In 2009, the phenomenon of “herbivore men”—heterosexual young men who lacked interest in romance or sex and rejected masculine gender norms—took Japan by storm. Media outlets focused on the potential impacts of these men on Japanese society and its economy. But how are these men viewed today? And where do they fit in when it comes to feminism and gender equality in Japan?
The History of the Term “Herbivore Men”
The term “herbivore men” (草食系男子, soushokukei danshi, or 草食男子, soushoku danshi) was coined in 2006 by columnist Fukasawa Maki (深沢 真紀). She chose the word “herbivore” to depict these men’s indifference to “carnal” desires:
恋愛やセックスに「縁がない」わけではないのに「積極的」ではない、「肉」欲に淡々としている 。Fukasawa Maki (October 13, 2006):「U35 男子マーケティング図鑑:第 5 回草食男子」『日経ビジネスオンライン』. (link no longer available)
Although they are not aromantic or asexual, they do not actively pursue romance or sex. They are indifferent toward desires of the flesh.
However, it wasn’t until 2008 that the term propelled into the limelight, when philosopher Morioka Masahiro (森岡 正博) published Lessons in Love for Herbivore Men (『草食系男子の恋愛学』). In the book, Morioka challenges the idea that a man needed to be macho in order to find romance. He gives advice to the “kind and gentle” young men who struggled with romantic relationships.
Both Fukasawa and Morioka characterize such men in a positive light. However, their portrayal in media immediately trended toward the negative. Media focused on the characterization of these men as fashionable but effeminate, sensationalizing the concept of herbivore men. According to Morioka, older male commentators at the time lamented the future of Japan. They believed that herbivore men’s lack of assertiveness would lead Japan’s economy to ruin.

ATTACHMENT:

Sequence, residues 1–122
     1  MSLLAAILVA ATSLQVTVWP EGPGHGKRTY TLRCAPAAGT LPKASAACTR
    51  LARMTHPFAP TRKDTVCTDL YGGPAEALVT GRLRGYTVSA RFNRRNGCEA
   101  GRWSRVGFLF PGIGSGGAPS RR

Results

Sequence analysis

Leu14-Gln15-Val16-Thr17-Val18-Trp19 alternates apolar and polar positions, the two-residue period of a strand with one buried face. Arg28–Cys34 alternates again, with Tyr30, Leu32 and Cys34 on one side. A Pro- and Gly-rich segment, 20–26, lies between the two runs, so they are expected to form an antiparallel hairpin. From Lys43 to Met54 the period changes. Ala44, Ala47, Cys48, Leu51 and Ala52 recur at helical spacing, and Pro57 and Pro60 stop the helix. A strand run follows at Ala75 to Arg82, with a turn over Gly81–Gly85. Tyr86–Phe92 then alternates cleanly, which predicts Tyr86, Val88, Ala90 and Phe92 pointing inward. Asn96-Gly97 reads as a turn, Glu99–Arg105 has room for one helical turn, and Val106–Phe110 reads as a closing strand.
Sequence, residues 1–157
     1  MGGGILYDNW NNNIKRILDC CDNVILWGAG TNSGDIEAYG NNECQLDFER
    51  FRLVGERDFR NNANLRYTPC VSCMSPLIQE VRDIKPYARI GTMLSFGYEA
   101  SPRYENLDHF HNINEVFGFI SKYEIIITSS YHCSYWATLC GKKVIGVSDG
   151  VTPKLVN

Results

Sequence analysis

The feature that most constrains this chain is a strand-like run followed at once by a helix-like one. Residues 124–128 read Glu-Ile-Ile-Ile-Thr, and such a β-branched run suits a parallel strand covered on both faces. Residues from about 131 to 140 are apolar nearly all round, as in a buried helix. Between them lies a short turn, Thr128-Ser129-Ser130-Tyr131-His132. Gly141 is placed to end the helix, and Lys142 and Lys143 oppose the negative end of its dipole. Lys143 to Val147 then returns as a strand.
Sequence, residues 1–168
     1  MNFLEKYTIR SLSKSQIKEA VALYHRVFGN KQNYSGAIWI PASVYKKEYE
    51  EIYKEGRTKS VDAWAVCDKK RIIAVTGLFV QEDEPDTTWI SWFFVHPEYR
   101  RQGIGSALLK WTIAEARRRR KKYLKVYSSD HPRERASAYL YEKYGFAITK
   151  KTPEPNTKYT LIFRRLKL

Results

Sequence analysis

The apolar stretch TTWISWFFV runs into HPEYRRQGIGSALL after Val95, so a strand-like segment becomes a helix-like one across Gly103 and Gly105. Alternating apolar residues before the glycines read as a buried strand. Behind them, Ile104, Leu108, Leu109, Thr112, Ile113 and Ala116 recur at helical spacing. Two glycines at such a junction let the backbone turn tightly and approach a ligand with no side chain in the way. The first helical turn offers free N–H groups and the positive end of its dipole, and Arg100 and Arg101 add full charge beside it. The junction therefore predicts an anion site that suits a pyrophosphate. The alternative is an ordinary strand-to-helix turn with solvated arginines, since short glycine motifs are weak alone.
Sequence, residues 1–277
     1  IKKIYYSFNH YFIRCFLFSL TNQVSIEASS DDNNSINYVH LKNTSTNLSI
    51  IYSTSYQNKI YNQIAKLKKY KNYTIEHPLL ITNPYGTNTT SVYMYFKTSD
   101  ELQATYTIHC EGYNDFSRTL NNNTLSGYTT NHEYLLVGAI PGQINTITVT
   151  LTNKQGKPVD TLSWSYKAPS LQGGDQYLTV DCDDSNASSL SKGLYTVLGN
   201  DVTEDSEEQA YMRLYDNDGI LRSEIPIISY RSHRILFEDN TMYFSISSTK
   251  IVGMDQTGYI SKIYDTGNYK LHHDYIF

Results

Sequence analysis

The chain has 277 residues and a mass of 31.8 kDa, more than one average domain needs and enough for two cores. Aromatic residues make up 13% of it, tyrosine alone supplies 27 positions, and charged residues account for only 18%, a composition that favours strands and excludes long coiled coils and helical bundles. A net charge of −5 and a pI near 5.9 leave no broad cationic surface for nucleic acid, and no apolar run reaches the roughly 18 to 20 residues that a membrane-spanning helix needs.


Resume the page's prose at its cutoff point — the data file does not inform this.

The Current State
Although “herbivore men” as a buzzword died down quickly after 2009 (see chart above), it has remained in the public consciousness. The word today carries a range of connotations from negative to positive. One blog from 2018 (JP link) lists the following traits as characteristic of herbivore men, among others:
- Generally skinny and fair-skinned
- Little romantic experience and low sex drive
- Not marriage-oriented
- Often stays at home
According to a study by the Meiji Yasuda Institute of Life and Wellness in 2017 (JP link), young people in their mid-thirties and under tend to have a positive image of herbivore men. Nearly 80% of single men ages 15 to 24 said they were either passive or uninterested in pursuing romantic relationships. This trend suggests that such men may be becoming the norm.
Not Quite Advancing Feminism
In 2013, Morioka published the paper “A Phenomenological Study of ‘Herbivore Men’,” where he reflects on the birth, development, and evolution of the concept. Toward the end of this paper, he analyzes their relationship to feminism:
I think the appearance of herbivore men can be seen as a victory for feminism. These are men who feel constricted by a “manliness” that means creating norms and controlling and protecting women and who are attempting to release themselves from its spell. As this comes from an internal motivation and not as the result of condemnation by women, is this not indeed quite close to the new type of man feminism is seeking? I think that for feminists herbivore men can at least be seen as potential allies in the struggle to change this society’s gender order rather than men who must necessarily be treated as adversaries.Morioka Masahiro: “A Phenomenological Study of ‘Herbivore Men'”, The Review of Life Studies Vol.4 (September 2013):1-20.